What you see to the left is an accurate picture of Calgary Sports and Entertainment Corporation president Ken King when it comes to paying for a new arena in downtown Calgary. We'll go over Mr. King's childish antics regarding the negotiations for a new arena tonight on the show, and break down why using any public money from the city of Calgary's coffers should result in some sort of repayment or future payments. We'll also take a look at a new piece of equipment Bauer is pushing that reportedly protects an athlete's brain, the Jets laying a pair of eggs against the Wild and Oilers and why fans should be very worried this year, shout-outs to the Winnipeg Goldeyes and 19-2, former guest Brian McGrattan's new role with the Flames, the Montreal Canadiens visiting Brandon, and we'll bounce around Europe to check on a number of players and how they're doing early in their seasons! We've got a lot to cover tonight, so make sure you tune in at 5:30pm!

So now you might be asking can you listen to the show, right? We suggest that you download the UMFM app on your phone or tablet. It's the easiest and most convenient way to listen to any of UMFM's great shows any time of the day, so go get it! Just follow this link on your iDevice or this link for your Android device and get the UMFM app! It's never been easier to tune into The Hockey Show or UMFM! Download the UMFM app today, and don't miss any of our great programming or shows!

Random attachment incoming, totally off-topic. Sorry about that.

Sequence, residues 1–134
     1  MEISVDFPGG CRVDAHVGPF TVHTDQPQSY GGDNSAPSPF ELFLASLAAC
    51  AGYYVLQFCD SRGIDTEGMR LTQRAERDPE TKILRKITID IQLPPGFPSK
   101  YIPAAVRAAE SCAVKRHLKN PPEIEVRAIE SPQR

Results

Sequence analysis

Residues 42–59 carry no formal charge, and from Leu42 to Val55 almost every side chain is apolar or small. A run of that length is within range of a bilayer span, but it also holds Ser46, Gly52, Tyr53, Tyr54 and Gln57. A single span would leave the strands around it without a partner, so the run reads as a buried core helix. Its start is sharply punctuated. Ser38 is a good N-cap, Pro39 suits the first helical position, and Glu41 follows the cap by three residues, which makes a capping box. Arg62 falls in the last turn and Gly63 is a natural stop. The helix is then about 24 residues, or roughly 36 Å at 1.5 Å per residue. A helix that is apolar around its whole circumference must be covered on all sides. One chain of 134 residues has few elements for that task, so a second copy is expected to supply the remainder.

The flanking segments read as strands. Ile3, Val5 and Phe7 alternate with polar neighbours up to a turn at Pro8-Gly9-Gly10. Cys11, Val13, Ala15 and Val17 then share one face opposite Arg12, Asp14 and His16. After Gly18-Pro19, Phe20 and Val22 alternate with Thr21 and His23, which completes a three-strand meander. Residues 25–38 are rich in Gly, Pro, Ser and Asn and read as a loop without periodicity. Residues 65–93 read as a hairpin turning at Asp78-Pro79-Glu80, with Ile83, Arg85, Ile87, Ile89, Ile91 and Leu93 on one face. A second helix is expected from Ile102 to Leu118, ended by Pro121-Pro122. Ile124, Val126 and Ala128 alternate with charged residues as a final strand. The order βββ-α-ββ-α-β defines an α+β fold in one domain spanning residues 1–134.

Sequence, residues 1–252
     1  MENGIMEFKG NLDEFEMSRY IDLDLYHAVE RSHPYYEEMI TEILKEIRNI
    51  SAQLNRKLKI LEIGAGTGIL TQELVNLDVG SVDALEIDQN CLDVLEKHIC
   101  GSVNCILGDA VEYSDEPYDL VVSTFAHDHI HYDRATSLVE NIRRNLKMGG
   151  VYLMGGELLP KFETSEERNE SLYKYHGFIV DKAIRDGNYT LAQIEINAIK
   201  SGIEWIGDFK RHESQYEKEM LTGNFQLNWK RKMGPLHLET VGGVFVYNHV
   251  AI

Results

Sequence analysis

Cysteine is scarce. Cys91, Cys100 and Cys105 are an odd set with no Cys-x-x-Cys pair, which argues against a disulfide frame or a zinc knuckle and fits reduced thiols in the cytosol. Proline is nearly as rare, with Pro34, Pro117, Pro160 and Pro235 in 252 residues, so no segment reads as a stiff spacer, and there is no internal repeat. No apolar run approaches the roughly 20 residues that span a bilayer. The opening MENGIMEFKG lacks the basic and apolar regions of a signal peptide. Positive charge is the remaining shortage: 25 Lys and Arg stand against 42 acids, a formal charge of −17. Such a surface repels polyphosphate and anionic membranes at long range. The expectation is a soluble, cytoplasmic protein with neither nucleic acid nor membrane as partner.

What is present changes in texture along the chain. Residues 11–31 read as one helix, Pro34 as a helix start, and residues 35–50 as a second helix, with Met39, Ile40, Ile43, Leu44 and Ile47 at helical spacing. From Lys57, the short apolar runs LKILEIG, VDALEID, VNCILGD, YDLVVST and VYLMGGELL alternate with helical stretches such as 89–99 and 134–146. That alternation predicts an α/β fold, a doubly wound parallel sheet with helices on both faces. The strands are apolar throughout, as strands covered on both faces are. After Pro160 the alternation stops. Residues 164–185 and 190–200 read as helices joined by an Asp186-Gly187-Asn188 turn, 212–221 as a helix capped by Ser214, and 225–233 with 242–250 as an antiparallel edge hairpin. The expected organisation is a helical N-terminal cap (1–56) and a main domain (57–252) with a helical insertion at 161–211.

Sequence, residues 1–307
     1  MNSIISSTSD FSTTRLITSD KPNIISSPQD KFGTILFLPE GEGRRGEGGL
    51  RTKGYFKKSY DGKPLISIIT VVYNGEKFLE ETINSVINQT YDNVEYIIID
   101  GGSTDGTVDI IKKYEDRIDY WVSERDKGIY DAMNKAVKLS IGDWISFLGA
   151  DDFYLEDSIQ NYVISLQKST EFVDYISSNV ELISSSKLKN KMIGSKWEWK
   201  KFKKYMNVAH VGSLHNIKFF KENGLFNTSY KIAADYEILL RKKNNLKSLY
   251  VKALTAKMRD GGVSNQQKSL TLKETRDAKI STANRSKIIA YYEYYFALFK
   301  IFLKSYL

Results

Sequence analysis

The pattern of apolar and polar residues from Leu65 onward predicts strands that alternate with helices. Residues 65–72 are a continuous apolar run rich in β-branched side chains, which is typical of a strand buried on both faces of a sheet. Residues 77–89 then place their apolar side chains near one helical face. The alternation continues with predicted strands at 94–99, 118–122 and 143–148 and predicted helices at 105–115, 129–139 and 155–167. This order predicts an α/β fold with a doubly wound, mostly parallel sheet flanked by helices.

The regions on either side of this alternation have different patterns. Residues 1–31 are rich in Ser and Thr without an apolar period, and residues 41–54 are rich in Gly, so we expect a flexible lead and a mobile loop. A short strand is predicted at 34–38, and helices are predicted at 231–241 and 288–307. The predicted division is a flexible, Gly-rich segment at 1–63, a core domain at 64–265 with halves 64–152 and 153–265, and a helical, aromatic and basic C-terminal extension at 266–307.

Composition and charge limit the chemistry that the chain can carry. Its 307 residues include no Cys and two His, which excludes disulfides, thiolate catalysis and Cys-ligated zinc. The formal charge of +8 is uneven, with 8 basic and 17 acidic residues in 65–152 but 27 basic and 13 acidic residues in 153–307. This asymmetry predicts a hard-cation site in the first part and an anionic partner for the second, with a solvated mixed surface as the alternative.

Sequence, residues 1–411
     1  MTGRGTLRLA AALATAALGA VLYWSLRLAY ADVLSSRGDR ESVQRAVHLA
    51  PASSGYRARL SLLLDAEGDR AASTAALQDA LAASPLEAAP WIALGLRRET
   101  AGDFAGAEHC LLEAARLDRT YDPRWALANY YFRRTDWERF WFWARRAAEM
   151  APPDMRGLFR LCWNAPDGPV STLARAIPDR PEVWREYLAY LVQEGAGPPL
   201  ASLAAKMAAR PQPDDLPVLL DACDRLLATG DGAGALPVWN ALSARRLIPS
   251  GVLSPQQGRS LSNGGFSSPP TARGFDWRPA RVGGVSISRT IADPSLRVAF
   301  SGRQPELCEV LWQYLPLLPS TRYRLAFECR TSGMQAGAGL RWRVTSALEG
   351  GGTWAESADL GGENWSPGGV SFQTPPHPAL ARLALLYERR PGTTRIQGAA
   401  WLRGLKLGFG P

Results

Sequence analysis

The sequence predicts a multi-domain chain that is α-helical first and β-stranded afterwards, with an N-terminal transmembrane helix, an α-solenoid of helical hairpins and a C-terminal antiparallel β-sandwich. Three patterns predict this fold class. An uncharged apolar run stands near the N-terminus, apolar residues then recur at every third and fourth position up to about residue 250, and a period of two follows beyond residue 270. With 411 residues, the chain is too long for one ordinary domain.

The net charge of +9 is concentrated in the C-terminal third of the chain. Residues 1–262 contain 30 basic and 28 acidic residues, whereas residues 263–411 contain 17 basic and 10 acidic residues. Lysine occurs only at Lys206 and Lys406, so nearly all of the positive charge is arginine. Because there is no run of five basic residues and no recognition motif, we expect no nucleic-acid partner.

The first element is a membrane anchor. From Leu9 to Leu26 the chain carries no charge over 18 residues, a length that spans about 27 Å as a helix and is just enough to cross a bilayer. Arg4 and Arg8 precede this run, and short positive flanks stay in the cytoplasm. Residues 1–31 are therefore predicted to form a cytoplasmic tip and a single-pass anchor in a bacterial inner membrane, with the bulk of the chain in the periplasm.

If you prefer social media, we try to remain up-to-speed there as well! Email all show questions and comments to hockeyshow@umfm.com! Tweet me anytime with questions you may have by hitting me up at @TeebzHBIC on Twitter. You can also post some stuff to Facebook if you use the "Like" feature, and I always have crazy stuff posted there that doesn't make it to the blog or show.